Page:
Fresh performance insights straight to your inbox!

  • This field is for validation purposes and should be left unchanged.

Low Performer, Bad Hire and Workplace Failures: What’s the Difference?

By John Fanguy Performance Management

Share this post:

Managing employee performance is a job that no matter how many checks and balances, KPIs or other accountability measures there are, intuition, problem-solving, and careful judgment are needed too. This is especially true when managers struggle to tell the difference between an employee that can’t get the job done or won’t get the job done. Distinguishing a low performer from a bad employee is the first step in taking corrective measures for this kind of tricky situation.

How to Identify a Bad Hire

So, you’re at the point where you’re not sure if the decline in performance your employee has been showcasing is valid and temporary or if this is simply how they work and it just took you a minute to realize it. However subjective one might think this is, there are patterns in behavior that help identify a bad hire. Managers have the job of being able to tell the difference between a behavior that is permanent and one that can be adapted. Taking into account these common behaviors of toxic employees can help set bad hires apart from low performers and might save you a lot more trouble down the road:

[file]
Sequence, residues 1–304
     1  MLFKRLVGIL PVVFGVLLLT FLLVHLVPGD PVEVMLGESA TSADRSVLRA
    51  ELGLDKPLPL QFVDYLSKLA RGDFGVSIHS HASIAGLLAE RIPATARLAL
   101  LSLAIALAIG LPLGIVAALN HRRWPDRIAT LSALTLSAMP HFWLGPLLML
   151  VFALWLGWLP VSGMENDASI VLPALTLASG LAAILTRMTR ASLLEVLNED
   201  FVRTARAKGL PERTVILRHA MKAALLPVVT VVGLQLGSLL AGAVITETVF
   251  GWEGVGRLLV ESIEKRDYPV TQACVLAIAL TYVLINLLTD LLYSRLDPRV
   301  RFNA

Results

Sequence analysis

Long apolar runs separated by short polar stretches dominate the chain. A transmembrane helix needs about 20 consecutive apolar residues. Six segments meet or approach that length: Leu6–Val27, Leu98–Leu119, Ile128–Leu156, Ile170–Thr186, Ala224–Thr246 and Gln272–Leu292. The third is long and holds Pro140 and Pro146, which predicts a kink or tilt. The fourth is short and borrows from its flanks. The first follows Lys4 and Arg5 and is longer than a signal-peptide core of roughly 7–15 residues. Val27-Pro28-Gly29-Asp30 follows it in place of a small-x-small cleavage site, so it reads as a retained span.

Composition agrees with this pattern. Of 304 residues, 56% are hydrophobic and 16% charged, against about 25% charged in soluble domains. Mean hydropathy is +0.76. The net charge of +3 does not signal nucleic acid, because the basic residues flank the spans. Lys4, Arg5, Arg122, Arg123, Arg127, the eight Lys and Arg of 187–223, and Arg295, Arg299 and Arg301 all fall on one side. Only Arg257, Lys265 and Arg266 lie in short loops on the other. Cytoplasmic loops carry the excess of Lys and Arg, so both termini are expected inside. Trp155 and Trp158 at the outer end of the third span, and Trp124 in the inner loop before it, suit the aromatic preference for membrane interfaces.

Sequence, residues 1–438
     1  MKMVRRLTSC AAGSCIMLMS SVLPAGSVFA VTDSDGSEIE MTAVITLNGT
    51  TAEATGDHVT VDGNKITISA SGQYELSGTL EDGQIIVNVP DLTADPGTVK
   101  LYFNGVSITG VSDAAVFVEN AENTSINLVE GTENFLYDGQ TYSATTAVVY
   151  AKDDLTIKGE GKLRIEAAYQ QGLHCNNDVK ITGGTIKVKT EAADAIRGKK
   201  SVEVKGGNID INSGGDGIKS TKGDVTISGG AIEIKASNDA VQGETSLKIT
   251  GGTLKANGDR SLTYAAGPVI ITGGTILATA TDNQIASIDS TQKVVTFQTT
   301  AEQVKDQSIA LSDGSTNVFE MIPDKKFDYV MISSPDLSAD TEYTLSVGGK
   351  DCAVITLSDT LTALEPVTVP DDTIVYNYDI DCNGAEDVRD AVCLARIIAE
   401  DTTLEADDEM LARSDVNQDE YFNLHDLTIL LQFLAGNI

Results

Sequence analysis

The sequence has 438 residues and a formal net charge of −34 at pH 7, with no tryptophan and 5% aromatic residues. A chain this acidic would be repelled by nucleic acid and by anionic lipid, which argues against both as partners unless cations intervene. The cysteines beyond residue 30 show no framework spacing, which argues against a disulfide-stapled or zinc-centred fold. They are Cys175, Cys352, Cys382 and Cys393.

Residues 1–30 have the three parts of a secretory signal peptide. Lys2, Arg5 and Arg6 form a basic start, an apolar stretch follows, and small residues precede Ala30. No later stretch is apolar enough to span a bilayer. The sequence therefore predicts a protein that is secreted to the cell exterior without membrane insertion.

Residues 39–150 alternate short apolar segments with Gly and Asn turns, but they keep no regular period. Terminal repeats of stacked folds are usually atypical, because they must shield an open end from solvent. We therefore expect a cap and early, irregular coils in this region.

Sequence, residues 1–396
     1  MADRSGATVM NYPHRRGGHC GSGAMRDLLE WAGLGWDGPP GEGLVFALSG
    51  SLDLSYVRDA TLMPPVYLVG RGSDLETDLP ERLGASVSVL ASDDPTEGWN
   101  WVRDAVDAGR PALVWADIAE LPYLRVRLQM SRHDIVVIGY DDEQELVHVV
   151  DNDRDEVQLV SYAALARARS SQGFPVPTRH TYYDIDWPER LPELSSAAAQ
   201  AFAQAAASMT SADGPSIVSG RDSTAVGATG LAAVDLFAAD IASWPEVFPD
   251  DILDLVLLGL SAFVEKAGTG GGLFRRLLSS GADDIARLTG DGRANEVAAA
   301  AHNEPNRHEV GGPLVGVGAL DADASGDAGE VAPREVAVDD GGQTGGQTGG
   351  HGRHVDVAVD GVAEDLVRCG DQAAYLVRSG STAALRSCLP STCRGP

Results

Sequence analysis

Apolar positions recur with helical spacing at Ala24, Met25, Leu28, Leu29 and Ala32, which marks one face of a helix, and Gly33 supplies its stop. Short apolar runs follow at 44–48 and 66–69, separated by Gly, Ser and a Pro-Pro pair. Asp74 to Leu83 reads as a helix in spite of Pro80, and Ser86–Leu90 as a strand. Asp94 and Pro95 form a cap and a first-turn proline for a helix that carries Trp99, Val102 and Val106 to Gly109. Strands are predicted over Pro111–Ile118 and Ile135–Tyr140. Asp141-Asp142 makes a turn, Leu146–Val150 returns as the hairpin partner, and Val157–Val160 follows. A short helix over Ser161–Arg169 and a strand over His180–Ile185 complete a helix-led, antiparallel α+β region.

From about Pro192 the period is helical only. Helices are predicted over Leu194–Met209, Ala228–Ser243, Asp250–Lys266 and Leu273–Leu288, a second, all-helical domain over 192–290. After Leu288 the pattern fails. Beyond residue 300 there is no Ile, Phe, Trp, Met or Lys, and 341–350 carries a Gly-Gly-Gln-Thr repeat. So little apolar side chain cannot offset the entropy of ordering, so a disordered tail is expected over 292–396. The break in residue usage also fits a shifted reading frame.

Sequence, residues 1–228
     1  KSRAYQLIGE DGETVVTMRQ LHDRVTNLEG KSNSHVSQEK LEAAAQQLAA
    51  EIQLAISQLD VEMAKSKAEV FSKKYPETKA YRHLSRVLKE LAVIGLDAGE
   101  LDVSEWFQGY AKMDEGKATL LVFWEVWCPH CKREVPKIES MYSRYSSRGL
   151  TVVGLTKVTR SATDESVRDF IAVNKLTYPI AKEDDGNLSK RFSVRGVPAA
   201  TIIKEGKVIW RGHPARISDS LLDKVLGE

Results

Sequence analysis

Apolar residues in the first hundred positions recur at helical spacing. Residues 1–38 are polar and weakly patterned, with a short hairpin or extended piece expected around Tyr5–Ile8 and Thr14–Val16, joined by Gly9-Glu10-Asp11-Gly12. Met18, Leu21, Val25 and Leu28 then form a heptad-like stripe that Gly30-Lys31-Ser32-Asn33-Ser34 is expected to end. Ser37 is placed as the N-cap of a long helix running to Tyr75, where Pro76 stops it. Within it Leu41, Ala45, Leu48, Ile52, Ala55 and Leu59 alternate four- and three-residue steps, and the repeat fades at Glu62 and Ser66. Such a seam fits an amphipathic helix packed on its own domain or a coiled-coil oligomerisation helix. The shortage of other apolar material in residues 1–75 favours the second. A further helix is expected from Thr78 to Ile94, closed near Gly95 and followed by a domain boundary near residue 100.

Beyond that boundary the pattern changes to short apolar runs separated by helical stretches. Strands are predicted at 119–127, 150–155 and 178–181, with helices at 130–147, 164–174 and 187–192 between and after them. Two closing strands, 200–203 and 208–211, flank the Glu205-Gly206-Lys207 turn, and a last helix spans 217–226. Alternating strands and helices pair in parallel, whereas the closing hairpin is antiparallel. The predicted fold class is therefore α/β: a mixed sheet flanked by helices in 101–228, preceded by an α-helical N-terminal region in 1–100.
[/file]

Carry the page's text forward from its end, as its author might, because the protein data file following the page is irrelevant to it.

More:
frequent employee whitepaper mockupOverconfident employees often overestimate their abilities which means there is a serious lack of self-awareness contributing to their performance. They don’t know really understand their own strengths and weaknesses which will always create problems in their work. Overconfident employees are also 43% more likely to engage in unethical behavior so watch out!

Employees that constantly complain, engage in gossip, and tend to be involved in company politics are just bad all around. These kinds of employees need an attitude adjustment and let’s face it, that’s probably never going to happen. Their disdain for their work can also cause the entire team’s performance to drop by 30 to 40%!

'Complainers' disdain for their work can also cause the entire team’s performance to drop by 30 to 40%! Click To Tweet

Competitive employees aren’t all necessarily a cause for concern, especially if their competitive nature leads to high performance. However, if an employee is overly competitive, they might be too stubborn to change how they get things done. After all, it’s worked for them so far. Incapability of change is never good and should be addressed as soon as possible. Need to motivate a competitor? Easy. Create a competition. Just beware of your less competitive employees.

Employees that everyone else complains about are usually a red flag. This goes beyond just not liking someone. When the rest of your staff, who is made up of some of your best and brightest workers, are complaining about someone, it’s probably because that person isn’t pulling their weight, makes constant mistakes or is taking credit for work they didn’t do. Not every bad hire will fit into these specific categories, but with some common sense and intuition, managers can judge for themselves whether or not a dip in performance is temporary or permanent.